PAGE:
Mainly limited to everyday basics with a wide variety of locally produced craft goods and clothing on offer. Duty-free shopping, however, is a major attraction, with several large shops in Bridgetown offering bargains on international brand-name jewellery, cosmetics, crystal, tobacco, leather and alcohol. Most upmarket shops will offer some form of duty-free arrangement. Rum is a major local product and most tourists end up leaving with at least 1 bottle.
Daytime: a wide range of water sports including sailing, diving, surfing, windsurfing, kite-surfing, kayaking and some motorised options; paragliding; horse riding; walking and hiking; cycling; golf; spectator sports like cricket, soccer, rugby, field hockey, horse racing and polo.
Nightlife: all-inclusive packages at hotels usually feature regular live music (reggae, jazz and steel bands are popular), floor shows and special barbecue evenings; outside hotels, there are a number of music bars, pubs and "rumshops" as well as a couple of nightclubs, Bridgetown and St Lawrence Gap being the liveliest centres; dinner show featuring traditional music and dance at popular restaurant venue (twice weekly); evening cruises and romantic catamaran trips for two. The overall scene, however, is fairly low key – options are limited for young ravers.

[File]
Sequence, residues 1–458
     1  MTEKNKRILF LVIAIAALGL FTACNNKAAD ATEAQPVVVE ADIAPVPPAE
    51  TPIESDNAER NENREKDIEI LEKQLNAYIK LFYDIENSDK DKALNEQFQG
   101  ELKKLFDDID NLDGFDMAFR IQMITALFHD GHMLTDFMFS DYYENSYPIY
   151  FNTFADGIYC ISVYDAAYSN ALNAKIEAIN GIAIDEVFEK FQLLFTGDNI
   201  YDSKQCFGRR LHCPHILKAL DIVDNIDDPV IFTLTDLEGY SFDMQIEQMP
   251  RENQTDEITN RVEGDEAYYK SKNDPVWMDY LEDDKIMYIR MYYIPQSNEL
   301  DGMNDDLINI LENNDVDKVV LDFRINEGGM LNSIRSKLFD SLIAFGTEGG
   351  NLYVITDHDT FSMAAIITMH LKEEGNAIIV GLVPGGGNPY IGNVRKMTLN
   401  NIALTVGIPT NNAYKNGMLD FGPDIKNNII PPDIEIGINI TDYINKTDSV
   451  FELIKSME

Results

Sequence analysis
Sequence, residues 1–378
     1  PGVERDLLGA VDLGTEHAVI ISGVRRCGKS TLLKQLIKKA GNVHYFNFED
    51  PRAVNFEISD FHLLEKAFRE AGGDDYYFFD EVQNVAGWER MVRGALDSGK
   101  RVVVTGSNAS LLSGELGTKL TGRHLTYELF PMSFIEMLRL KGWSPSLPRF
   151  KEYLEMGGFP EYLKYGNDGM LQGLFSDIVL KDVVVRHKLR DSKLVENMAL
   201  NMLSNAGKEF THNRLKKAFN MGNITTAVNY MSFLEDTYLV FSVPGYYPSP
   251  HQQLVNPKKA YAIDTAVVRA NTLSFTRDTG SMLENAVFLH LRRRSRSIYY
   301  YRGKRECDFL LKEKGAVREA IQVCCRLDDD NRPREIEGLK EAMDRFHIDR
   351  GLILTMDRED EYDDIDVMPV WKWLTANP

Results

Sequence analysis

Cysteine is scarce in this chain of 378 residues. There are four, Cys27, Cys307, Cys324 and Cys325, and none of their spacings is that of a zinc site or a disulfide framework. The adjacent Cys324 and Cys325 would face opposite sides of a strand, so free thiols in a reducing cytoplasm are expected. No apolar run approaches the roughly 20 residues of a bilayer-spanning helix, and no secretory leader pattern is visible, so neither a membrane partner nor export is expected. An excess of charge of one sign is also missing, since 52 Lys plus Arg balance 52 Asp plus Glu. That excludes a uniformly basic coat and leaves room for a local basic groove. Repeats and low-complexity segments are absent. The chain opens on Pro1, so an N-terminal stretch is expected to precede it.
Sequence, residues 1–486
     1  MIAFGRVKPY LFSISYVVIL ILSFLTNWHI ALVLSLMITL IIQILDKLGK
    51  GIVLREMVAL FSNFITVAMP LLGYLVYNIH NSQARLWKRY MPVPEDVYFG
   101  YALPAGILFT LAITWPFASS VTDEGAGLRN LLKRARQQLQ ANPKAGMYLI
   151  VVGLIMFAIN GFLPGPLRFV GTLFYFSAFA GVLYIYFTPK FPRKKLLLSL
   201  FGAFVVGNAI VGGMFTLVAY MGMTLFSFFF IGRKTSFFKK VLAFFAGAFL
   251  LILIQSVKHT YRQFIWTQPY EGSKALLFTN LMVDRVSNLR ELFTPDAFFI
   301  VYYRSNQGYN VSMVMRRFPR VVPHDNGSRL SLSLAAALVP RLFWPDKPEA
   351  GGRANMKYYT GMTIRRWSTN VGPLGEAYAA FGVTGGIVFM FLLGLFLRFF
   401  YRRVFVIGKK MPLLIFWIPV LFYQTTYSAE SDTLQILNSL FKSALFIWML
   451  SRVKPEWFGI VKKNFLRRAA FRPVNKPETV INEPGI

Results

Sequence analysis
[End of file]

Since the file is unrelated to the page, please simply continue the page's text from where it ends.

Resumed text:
All-inclusive hotel packages mean limited independent dining options, with the main concentration of (upmarket and expensive) eateries on the W coast. A modest selection of more reasonably priced options S of Bridgetown and in the St Lawrence Gap, but prices are generally well above the UK average. Most hotels participate in some form of dining-exchange scheme, so people can eat at different places. "Casual smart" dress code applies at most restaurants; occasionally smart dress may be required and black tie for special occasions. Cuisine on offer includes local, seafood, Indian, Greek, Chinese, Polynesian and Italian; some beachside bar/restaurants and KFC outlets. Island specialities: pepper pot (spicy stew), jug-jug (moulded chopped ham, salt beef and peas), flying fish, cou-cou (maize meal) and Barbadian black pudding. Don't go home without tasting Barbadian rum, either!
W-coast hotels tend to be considerably more upmarket and exclusive; mid-range properties predominate on the SW coast. Self-catering options are concentrated in the S, with most also offering in-house food, beverage and entertainment facilities. All establishments are fairly modest in size, with a few notable exceptions.
Rum and sugar factory tours; colonial plantation mansions including the 17th-century St Nicholas Abbey; Morgan Lewis restored sugar mill; Harrison's Cave with its crystal-clear pools, waterfalls, stalactites and stalagmites; Bridgetown for shopping and sightseeing, including Garrison Historical Area with National Cannon Collection and Barbados Museum; eco- or heritage tours of the island; E coast tour; wildlife reserve and monkey sanctuary; deep-sea fishing; scenic boat trips and lunch-time pirate-ship cruises; submarine trips.